They kept rewriting it and sending me pages the day before, and I kept saying, “Let me just shoot the original script I signed up to do.” They messed it up and then it didn’t do well, and then they bad-rapped me. So I had the Weinsteins bad-rapping me and I couldn’t get a job. By the time you get done dealing with that kind of thing, you kind of don’t want to be in the business anymore, and that’s where I was at.
Spheeris’ frustration with Senseless is palpable in the film, particularly due to the fact that it slyly promotes her then-forthcoming III installment of the Decline series. While the characters are flipping through channels in their run-down apartment, they stumble upon a short clip of a punk kid sporting a rainbow haircut giving a talking head interview. Those already familiar with the documentary series immediately recognize him as Squid, one of the third installment’s most memorable characters—in part because he was murdered during the filming of the documentary, with his suspected killer also being featured in III. Though audiences at the time probably had no idea that this snippet was an allusion to her return to the Decline series, let alone who the hell Squid was, this likely served as the one calculated “fuck you” Spheeris snuck into the film. Particularly because the original script was messed-up and muddled by constant rewrites, it was essential for Spheeris to signal that though this might be the end of her commercial career, it certainly wasn’t the conclusion of her broader cinematic spark.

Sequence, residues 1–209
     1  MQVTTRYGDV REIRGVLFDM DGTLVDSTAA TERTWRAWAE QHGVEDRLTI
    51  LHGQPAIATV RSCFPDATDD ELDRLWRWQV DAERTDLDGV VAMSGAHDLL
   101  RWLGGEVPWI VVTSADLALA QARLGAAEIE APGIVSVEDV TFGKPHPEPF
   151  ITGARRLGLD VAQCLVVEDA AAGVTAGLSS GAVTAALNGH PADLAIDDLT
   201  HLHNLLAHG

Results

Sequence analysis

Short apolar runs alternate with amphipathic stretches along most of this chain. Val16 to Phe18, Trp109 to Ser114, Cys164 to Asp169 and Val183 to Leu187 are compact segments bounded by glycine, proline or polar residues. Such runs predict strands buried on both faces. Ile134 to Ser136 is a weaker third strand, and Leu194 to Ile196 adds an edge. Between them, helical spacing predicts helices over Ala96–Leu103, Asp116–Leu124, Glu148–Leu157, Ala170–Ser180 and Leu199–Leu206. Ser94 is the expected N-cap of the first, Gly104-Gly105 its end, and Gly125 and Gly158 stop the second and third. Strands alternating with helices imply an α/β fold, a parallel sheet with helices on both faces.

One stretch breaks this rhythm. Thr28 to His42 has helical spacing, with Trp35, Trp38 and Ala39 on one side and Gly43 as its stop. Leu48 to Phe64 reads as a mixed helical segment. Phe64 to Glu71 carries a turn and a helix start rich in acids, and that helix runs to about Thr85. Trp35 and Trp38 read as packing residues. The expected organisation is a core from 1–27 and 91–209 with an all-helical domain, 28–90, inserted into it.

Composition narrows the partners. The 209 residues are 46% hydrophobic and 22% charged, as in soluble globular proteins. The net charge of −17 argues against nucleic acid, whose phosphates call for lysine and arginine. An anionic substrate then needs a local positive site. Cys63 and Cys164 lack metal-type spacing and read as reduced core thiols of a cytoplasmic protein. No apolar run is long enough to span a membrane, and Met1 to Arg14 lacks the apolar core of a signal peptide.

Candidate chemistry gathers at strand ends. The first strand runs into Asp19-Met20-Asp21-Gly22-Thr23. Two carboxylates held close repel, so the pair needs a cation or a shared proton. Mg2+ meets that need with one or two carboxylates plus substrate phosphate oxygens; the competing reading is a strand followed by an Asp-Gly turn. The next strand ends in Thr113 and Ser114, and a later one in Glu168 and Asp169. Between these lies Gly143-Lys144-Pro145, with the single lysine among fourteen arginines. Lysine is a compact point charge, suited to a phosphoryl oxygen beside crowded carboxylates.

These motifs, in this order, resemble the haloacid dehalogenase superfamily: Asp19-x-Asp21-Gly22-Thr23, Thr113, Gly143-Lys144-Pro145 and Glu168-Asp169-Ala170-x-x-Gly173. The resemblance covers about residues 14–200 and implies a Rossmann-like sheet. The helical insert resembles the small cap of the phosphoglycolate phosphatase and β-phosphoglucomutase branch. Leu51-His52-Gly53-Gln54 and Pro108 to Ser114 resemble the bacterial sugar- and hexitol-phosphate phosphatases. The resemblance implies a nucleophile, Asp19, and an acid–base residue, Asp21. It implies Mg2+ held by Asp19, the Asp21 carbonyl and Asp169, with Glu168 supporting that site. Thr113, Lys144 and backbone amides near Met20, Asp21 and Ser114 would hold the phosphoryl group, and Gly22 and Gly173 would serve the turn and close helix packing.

Penelope Spheeris will long be heralded as the eminent anthropologist of alternative lifestyles. With rumblings of a fourth Decline installment somewhere on Spheeris’ backburner and a forthcoming book slated for publication, what’s certain is that 30 years after Wayne’s World, there’s a wealth of Spheeris content we must look back on and forward to. The way she deftly explores the nuance of counterculture (or even just individuals who don’t “fit in”) is full of compassion yet never blindly glorifying, making her films—particularly the Decline series—perfect capsules of (un)popular culture during specific periods of time. She’s been steadfast in her commitment to fairly depicting the communities that she explores, even turning down the opportunity to direct This Is Spinal Tap because she felt it was too mean-spirited toward the heavy metal scene she had recently tackled (and had grown to love) in Part II.
Spheeris is the perfect example of a working director who never puts aside her morals for a gig—even if an indiscriminate paycheck would easily alleviate financial stress and add more fodder to her resume. Though she’s directed a few more films since her third Decline doc, Spheeris has considered herself effectively excommunicated from Hollywood after her unpleasant experience with the Weinsteins. If there’s any justice in this world, we’ll be able to behold another project from this versatile creator in the near future. Lord knows it’s high time Penelope Spheeris receives her flowers, even if a few bootprints and cigarette butts find themselves among the foliage.
Natalia Keogan is a freelance film writer based in Queens, New York. Her work has been featured in Paste Magazine, Blood Knife Magazine and Filmmaker Magazine, among others. Find her on Twitter @nataliakeogan